Thursday, October 1, 2009

North Rim

Heading back south a bit from Lake Powell...

...we stopped at the Navajo Bridge on the way to the North Rim of the Grand Canyon.

Forever energy

The North Rim spectacle:

A calming sight even for four rambunctious little bodies.

Don't be fooled by the foliage.
Just beyond that tree trunk and bit o' shrubbery is
a very high cliff.

straight down.

I recently read about some of the most common reasons for people falling to their death in the Grand Canyon. As you can imagine, overzealous photographers have had their share of falls. Other noteworthy reasons though, that fall into the usual high risk taker category (males between the ages of 19 and 41), tell me that people in this particular group should all make great efforts to resist the urge to 1. urinate off the edge of a cliff, and 2. pretend they're falling off a cliff.

There's a whole book written on this subject called, Over the Edge: Death in Grand Canyon.

You really don't even want to look over the edge on one of these natural (i.e. no restraint features) trails.

But yes, I do suggest that you warm your chilled bones with some yummy tortilla soup,

because you'll probably notice a temperature change at the north rim.

I think cool weather makes all the difference in the world for our loving natures.

See how loving our children are when they're cold?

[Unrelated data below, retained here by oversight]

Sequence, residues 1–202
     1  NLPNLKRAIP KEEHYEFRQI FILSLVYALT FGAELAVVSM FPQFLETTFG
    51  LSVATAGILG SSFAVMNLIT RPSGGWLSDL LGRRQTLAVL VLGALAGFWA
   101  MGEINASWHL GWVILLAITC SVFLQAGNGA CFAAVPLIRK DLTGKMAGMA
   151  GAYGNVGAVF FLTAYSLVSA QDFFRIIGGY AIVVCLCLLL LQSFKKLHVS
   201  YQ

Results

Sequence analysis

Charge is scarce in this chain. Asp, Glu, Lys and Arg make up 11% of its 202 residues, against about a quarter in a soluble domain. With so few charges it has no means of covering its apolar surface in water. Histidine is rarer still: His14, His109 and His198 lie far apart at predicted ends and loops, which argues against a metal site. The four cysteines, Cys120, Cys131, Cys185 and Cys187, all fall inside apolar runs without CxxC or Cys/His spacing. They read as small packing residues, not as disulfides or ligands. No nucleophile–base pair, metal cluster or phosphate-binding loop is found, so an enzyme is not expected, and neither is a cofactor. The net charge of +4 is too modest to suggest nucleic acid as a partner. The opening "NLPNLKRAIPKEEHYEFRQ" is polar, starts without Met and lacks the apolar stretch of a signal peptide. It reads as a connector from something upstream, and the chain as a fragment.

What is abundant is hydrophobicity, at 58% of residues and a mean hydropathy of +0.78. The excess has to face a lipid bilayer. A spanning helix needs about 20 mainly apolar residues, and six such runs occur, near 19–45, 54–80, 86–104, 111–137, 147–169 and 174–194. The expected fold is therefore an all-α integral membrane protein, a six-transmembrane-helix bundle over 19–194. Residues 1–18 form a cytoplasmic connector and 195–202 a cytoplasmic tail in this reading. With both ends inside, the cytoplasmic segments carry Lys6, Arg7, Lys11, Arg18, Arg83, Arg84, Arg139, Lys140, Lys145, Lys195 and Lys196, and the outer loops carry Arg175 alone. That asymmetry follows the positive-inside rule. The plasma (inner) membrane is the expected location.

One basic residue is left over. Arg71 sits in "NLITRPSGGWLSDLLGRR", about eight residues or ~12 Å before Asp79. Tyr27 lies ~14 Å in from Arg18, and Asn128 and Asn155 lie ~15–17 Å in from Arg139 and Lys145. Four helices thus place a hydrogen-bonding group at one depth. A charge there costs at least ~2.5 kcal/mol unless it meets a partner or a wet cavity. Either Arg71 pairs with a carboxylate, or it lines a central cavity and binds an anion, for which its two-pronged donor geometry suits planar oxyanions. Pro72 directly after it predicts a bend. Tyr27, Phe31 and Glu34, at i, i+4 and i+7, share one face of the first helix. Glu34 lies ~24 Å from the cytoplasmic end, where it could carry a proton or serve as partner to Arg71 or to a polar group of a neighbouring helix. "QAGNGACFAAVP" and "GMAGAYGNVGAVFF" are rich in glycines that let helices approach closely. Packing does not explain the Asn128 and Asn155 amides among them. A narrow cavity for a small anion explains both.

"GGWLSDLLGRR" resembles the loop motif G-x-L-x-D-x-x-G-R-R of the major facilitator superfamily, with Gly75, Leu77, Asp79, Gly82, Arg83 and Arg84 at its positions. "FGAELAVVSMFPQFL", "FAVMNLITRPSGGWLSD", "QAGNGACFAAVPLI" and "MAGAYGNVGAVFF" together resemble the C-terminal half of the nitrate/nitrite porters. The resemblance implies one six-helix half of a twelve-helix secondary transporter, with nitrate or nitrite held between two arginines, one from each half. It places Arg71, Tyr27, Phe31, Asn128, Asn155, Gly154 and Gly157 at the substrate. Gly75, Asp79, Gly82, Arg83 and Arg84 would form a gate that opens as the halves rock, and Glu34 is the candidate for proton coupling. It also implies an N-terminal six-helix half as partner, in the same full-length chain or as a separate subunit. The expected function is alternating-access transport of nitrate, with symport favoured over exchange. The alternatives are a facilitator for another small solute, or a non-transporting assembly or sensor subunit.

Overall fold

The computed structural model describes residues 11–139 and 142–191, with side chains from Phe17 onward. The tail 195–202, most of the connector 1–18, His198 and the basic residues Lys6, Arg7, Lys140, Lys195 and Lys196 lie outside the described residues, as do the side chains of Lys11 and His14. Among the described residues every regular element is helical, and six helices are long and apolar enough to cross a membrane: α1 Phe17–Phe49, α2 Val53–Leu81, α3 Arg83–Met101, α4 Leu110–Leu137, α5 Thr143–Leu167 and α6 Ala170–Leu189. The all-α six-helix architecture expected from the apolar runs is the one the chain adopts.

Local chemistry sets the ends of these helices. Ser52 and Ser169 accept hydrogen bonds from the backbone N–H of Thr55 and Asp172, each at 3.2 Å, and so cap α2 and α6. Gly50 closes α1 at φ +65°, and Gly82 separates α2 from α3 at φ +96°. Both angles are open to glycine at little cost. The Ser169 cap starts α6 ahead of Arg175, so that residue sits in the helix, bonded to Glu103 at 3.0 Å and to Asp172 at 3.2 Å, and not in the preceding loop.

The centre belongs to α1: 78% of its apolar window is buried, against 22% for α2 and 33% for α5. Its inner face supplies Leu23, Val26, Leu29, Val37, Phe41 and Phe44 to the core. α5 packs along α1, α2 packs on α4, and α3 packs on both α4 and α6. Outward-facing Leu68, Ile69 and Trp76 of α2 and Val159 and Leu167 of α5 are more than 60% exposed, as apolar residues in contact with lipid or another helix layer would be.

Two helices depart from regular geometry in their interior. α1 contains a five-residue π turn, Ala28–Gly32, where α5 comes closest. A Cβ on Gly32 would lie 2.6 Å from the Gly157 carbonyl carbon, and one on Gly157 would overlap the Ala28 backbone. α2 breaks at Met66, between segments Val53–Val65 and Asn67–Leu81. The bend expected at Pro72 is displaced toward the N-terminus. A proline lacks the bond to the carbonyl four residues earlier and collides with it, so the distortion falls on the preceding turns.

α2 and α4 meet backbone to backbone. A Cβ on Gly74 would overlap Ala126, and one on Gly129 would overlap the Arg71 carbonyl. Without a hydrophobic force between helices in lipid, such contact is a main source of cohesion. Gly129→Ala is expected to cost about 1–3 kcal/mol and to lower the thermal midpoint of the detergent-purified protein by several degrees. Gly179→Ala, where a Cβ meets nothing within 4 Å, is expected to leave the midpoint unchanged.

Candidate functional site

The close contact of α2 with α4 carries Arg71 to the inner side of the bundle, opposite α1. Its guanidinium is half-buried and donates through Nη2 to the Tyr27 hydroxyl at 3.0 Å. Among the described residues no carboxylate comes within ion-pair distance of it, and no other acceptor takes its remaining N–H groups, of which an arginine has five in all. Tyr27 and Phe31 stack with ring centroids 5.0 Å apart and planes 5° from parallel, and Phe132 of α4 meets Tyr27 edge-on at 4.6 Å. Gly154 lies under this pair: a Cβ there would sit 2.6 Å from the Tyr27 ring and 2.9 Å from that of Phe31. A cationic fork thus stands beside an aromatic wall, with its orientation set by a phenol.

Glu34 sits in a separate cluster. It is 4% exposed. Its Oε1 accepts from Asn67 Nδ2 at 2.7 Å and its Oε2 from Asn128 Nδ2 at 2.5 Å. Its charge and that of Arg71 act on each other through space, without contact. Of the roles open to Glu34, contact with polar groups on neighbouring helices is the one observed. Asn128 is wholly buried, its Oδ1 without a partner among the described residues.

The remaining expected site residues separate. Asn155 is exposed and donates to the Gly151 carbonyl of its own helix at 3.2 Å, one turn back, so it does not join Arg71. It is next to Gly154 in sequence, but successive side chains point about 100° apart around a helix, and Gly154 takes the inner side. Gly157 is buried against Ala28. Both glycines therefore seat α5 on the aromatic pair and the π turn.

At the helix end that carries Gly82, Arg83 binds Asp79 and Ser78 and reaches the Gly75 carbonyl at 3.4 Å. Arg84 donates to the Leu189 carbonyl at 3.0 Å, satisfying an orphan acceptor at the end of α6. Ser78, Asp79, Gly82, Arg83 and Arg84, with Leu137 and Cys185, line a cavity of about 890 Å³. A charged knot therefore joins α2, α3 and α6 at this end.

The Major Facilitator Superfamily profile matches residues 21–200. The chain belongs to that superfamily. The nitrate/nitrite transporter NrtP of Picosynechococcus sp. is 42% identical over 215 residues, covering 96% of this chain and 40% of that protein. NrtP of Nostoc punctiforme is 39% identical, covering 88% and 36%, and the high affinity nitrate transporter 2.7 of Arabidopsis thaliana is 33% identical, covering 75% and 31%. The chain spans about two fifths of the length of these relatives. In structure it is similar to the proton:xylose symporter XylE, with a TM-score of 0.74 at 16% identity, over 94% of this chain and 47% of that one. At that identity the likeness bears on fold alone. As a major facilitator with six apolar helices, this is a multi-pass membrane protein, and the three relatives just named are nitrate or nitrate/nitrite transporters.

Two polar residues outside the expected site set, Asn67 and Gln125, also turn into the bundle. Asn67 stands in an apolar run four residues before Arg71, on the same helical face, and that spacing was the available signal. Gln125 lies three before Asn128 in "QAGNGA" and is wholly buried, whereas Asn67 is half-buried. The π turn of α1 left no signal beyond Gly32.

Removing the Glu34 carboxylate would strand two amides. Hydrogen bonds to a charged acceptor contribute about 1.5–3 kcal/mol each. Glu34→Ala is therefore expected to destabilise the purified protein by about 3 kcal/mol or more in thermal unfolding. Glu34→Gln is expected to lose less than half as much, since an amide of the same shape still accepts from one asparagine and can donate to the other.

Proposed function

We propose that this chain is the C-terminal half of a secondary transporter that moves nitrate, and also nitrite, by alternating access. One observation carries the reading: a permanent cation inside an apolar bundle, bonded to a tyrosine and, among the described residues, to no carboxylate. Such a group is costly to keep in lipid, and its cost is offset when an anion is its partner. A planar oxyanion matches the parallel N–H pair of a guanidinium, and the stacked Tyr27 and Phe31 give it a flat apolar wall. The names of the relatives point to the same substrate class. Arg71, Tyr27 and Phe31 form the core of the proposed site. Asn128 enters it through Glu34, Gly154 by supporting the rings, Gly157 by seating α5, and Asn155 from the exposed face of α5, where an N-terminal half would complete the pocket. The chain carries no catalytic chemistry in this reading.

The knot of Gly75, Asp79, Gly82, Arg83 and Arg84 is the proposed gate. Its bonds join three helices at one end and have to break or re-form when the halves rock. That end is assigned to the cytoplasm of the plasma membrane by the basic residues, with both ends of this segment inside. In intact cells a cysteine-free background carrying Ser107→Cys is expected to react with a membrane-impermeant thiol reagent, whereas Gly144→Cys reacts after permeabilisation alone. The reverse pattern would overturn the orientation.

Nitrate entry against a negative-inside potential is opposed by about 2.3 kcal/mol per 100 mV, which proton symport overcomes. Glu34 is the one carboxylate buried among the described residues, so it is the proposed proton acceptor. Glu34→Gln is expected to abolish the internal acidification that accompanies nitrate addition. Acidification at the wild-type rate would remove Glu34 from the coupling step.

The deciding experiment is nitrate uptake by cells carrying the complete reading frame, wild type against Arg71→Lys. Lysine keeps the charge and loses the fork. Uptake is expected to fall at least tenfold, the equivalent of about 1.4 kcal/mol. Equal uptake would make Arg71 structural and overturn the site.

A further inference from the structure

The spirit (akin to but not quite as sharp as the spirit of Jack Frost) just moved them to snuggle

and get their blood pumping.

A girl with camping hair that now doubles as a shawl--

at least before she gets it all cut off and gives it away to Locks of Love or some other charity.

Won't it make a nice shawl (or wig) for someone in need?

If there was a way to donate eyebrows, she's got a good crop that she could also share.

Hello, favorite pine tree of all time!

The magnifi-scent Ponderosa (a.k.a. Butterscotch Tree)

Can't you almost taste the butterscotch just dripping from this beauty? Well, the drippy stuff is the sap, but the bright orange part between the rugged bark is where you want to give it a sniff. Some think it smells like vanilla. Whatever the opinion, it's fabulous and gives its forest a gloriously sweet fragrance.

Smell all the Rosas you can find. Then pack that scent away in your little gray memory box and pull it out when you need a nature break.

Also, don't forget to file away the sound of the cool breeze blowing through all those long pine needles. It almost sounds like running water!

Onward we go to a most lovely little in-"spiring" city.

1 comment:

mrs boo radley said...

I love the first pic of them running. They're all in mid-air!

Such lovely long hair on MK...she is more brave and strong and bold and true than I...I am still contemplating donating mine but am so selfish about it...I need to just let it go, and treat it like a crop (which someone told me was how they thought of their hair--grow it for 6 years, then chop it off...grow it for 6 years..etc.).

That's hilarious but mostly scary about people falling off cliffs. Yikes!

Are you going to Istanbul next? Lots of spires there.